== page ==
Refers to a stent bonded with drugs (e.g., heparin), layered with biocompatible substances (e.g., phosphorylcholine), or with silicone or a silicone derivative (e.g., PTFE, polyurethane).
– Balloon tissue dissector catheter (C1727)
Balloon-tipped catheter used to separate tissue planes, used in procedures such as hernia repairs.
– Cool-tip electrophysiology catheter (C2630)
Ablation catheter that contains a cooling mechanism and has temperature sensing capability.
– Catheter, ablation, non-cardiac, endovascular (implantable) (C1888)
A radiofrequency or laser catheter is designed to occlude or obliterate blood vessels (e.g., veins).
– Covered stent (C1874, C1875) –
Refers to a stent layered with silicone or a silicone derivative (e.g., PTFE, polyurethane).
– Drainage catheter (C1729) –
Intended to be used for percutaneous drainage of fluids. (NOTE: This category does NOT include Foley catheters or suprapubic catheters. Refer to category C2627 to report suprapubic catheters.)
– Embolization protective system (C1884)
A system designed and marketed for use to trap, pulverize, and remove atheromatous or thrombotic debris from the vascular system during an angioplasty, atherectomy, or stenting procedure.
– Extension for a neurostimulator lead (C1883)
Conducts electrical pulses from the power source (generator or neurostimulator) to the lead. The terms neurostimulator and generator are used interchangeably.
– Joint device (C1776)
An artificial joint is implanted in a patient. Typically, a joint device functions as a substitute to its natural counterpart and is not used (as are anchors) to oppose soft tissue-to-bone, tendon-to-bone, or bone-to-bone.
– Material for vocal cord medialization, synthetic (C1878)
Synthetic material that is composed of a non-absorbable substance such as silicone and can be injected or implanted to result in vocal cord medialization
– Temporary non-coronary stent (C2617, C2625)
Usually composed of a substance, such as plastic or other non-absorbable material, designed to permit removal. Typically, this type of stent is placed for a period of less than one year.
– Transvenous VDD single pass pacemaker lead (C1779)
A transvenous pacemaker leads that paces and senses in the ventricle and senses in the atrium.
How is Medicare Pass-through Payment Calculation done?
Below is how the calculation of device payment using a pass-through code is done. In order to do so, the hospital charge for the device is determined by multiplying the cost of the device by the hospital mark-up. The hospital charge multiplied by the hospital cost-to-charge ratio is the Medicare cost for the device.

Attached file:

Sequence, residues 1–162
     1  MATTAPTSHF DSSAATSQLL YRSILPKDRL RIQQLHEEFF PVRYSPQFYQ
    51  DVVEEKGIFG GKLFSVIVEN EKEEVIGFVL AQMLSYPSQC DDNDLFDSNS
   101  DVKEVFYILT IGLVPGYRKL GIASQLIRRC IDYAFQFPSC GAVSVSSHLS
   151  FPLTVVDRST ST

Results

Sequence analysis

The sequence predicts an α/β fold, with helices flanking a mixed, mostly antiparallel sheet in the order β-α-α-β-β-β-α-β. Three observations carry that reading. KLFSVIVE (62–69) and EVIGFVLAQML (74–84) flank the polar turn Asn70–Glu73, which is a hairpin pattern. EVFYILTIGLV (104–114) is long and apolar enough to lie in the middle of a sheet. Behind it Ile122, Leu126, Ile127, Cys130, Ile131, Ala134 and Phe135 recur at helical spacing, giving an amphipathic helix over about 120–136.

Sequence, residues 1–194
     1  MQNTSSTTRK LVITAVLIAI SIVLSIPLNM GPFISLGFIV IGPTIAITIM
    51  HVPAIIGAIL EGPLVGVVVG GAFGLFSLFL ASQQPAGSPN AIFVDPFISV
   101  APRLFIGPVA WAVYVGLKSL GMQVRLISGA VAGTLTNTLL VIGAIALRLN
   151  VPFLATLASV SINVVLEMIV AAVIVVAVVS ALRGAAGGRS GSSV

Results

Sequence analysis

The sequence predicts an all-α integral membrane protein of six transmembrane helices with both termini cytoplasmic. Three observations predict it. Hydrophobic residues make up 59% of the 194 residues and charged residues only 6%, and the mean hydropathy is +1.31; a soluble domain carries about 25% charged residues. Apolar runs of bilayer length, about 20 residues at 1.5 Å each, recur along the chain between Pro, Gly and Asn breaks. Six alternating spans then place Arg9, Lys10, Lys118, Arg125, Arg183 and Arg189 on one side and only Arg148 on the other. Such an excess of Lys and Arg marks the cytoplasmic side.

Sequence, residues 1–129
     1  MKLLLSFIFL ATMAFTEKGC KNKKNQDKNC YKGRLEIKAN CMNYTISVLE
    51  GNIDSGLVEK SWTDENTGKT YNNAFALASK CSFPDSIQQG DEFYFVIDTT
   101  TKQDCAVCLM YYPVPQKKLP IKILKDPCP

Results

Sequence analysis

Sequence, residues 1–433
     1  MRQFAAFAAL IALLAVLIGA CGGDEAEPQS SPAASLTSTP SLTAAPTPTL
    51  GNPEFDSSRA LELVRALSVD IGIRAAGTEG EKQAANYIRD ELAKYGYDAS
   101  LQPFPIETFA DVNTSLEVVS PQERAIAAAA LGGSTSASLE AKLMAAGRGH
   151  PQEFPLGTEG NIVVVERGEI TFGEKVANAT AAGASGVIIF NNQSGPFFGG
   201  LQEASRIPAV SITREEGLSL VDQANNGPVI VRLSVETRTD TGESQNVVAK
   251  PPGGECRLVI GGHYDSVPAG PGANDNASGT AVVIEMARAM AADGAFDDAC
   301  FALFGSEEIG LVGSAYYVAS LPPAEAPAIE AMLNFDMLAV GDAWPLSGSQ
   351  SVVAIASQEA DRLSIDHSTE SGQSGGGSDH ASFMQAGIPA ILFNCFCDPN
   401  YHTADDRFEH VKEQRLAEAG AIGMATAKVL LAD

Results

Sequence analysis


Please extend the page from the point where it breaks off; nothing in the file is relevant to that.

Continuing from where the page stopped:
Following are the steps for calculating the final payment:
- Step 1: (cost of device) x (hospital mark-up) = hospital charge for the device
- Step 2: (hospital charge) x (hospital cost-to-charge ratio) = cost for pass-through device
- Step 3: (pass-through payment) + APC Payment= final payment.
How to avoid pass-through billing traps?
The healthcare practices with lesser revenue generation are the ones involved in fraudulent practices like pass-through billing. These are more common among rural healthcare facilities to increase revenues. Healthcare provider billing for services/tests performed by the referring laboratory is illegal and therefore breaks various federal laws.
Pass-through billing traps are a growing issue; however, they can be easily avoided by developing a compliance program. Implementing the compliance program helps prevent/reduce the fraudulent or illegal practices to be conducted. Following are some of the best ways to avoid any pass-through billing traps:
Implement a compliance program:
Implementing a compliance program can prevent errors/healthcare frauds in medical coding, decreasing penalties.
Proper medical billing and coding:
Medical billing and coding is the backbone of any healthcare practice’s revenue cycle management (RCM). A proper infrastructure increases your medical billing process’s overall efficiency, accuracy, and reliability.
Follow the proper CMS Laboratory billing guidelines (NCCI edits), rules and regulations:
Being familiar with proper rules and regulations of medical coding is essential for lesser claim denials, rejections, and penalties.
Other common medical billing errors:
Medical billing is a complex process but ensures proper reimbursements and revenues for the provider/physician. It ensures that the physicians are appropriately reimbursed for the services/procedures they rendered. Even a slight mistake in medical billing can lead to claims being denied or rejected.
When it comes to medical billing errors, they are pretty common. Healthcare/Medicare fraud is:
- Knowingly submitting, or causing to be submitted, false claims to obtain a Federal health care payment for which no entitlement would otherwise exist.
- Knowingly soliciting, receiving, offering, or paying remuneration to induce or reward referrals for items or services reimbursed by Federal health care programs.
- For example, kickbacks, bribes, or rebates.
- Making prohibited referrals for certain designated health services
Some other medical errors include:
- Billing for services not provided
- Overusing the modifier 22
Frequently Asked Questions (FAQs)
1. How do you avoid passing through billing traps?
The healthcare practices with lesser revenue generation are the ones involved in fraudulent practices like pass-through billing. However, it can be easily avoided by developing a compliance program. Implementing the compliance program helps prevent/reduce fraudulent or illegal practices to be conducted.
2. What is a Medicare pass-through code?
CMS has provided a complete list of the device category HCPCS codes used presently or previously for device pass-through payment. This list also comes with the codes’ respective definitions. All the devices’ codes reportable under OPPS are not included in this list. There are additional HCPCS codes for devices that were not eligible for pass-through payment.
3. What is pass-through with CMS?
Pass-through billing is straight-up illegal as the healthcare provider is 1) charging a higher price and 2) billing for services not provided by them. By doing so, healthcare physicians are breaking at least three primary federal laws.